The latest Kids Count Data Book, released Thursday by the Maine Children’s Alliance, shows some troubling news about children’s health.
Maine has a higher-than-average infant mortality rate, as well as high rates of anxiety and depression among children, according to the report.
Research associate Helen Hemminger says at one point, Maine had the lowest infant mortality rate in the country.
“Most recently that hasn’t been true,” Hemminger says. “We’ve been above state averages. And we’ve done better the last three years. It’s been going down, but we’re still above national averages, so that’s still an area of concern.”
Hemminger says about 80 children below the age of one die every year in Maine. She says better access to prenatal care and programs that help new parents in the home would help reduce that number.
The Kids Count Data Book also shows that Maine has the highest rate in the nation of children diagnosed with anxiety, and the third highest rate of kids diagnosed with depression.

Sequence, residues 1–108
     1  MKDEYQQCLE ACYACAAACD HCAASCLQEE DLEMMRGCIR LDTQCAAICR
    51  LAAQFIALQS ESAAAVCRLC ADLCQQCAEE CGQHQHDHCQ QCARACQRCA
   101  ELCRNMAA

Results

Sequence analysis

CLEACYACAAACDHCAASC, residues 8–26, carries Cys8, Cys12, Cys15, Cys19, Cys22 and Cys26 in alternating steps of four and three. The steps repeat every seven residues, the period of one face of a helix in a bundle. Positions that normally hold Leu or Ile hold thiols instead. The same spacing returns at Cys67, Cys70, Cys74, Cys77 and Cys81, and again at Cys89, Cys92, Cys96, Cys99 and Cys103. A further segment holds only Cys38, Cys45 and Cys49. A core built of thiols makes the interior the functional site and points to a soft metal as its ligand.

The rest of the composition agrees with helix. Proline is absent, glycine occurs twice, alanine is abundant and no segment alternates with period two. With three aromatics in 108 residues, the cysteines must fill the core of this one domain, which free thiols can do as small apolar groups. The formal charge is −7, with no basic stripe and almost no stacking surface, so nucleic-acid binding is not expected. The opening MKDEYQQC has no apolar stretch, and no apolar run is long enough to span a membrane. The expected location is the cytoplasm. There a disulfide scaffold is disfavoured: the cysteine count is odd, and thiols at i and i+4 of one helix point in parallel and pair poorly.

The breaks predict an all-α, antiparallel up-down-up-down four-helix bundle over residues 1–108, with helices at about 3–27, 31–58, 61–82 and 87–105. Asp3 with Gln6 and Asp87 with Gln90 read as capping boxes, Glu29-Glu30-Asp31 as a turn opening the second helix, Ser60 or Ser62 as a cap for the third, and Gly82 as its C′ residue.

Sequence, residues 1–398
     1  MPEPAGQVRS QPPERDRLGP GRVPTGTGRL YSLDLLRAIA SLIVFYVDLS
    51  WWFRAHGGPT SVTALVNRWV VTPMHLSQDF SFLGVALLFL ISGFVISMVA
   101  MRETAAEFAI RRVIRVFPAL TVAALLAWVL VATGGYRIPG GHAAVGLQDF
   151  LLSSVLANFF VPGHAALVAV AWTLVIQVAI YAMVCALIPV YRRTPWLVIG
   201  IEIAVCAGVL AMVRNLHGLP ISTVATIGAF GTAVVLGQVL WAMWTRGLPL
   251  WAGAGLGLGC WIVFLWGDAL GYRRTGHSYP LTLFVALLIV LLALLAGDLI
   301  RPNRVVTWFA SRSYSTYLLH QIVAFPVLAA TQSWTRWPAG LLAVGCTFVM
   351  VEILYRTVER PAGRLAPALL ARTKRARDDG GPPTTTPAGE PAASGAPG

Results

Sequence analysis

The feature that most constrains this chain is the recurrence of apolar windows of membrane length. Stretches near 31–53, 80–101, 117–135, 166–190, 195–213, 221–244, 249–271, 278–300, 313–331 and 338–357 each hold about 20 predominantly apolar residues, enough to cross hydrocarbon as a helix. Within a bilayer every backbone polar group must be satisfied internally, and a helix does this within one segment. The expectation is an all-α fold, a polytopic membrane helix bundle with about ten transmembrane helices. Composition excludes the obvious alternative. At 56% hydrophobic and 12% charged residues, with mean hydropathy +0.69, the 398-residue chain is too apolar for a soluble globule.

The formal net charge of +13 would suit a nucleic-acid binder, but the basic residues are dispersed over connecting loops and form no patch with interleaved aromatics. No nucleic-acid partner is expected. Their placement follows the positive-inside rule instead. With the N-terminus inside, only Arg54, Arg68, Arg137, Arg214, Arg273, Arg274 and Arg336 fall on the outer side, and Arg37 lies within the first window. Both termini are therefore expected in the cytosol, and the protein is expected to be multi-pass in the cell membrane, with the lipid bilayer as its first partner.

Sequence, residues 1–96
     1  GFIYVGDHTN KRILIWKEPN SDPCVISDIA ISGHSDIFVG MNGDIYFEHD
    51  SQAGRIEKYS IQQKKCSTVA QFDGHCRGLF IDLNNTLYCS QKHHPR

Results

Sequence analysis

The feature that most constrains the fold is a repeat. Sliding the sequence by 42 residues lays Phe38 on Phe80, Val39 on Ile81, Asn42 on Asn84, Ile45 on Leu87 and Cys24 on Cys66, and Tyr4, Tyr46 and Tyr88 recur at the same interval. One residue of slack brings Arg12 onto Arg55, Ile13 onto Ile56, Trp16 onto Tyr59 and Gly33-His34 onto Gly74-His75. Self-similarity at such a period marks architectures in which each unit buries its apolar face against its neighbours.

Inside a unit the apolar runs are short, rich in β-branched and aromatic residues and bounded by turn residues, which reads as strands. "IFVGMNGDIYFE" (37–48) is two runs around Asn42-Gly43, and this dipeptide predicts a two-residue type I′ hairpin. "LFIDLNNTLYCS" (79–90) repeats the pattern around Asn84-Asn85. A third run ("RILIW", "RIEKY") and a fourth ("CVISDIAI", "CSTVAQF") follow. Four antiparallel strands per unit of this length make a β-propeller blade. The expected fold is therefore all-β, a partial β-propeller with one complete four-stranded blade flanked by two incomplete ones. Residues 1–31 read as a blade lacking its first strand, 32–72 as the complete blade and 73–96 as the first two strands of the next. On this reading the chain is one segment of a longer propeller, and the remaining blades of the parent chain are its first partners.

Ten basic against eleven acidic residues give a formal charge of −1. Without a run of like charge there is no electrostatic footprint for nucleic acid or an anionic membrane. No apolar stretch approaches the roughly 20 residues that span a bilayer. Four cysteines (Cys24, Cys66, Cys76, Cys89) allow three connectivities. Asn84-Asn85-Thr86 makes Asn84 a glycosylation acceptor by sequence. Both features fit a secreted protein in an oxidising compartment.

Hemminger says the data also show that Maine children have the highest rate of access to mental health counseling, but “it didn’t speak to the number of visits, or the adequacy of that service, or even if it helps, so it’s really not a full picture.”
Hemminger says the report also found that the suicide rate among Maine teens is also on the rise, and above the national average.
The report does, though, find that childhood poverty is down, as is teen pregnancy and juvenile arrests.
This article appears through a media partnership with Maine Public.
To reach a suicide prevention hotline, call 888-568-1112 or 800-273-TALK (8255), or visit www.suicidepreventionlifeline.org.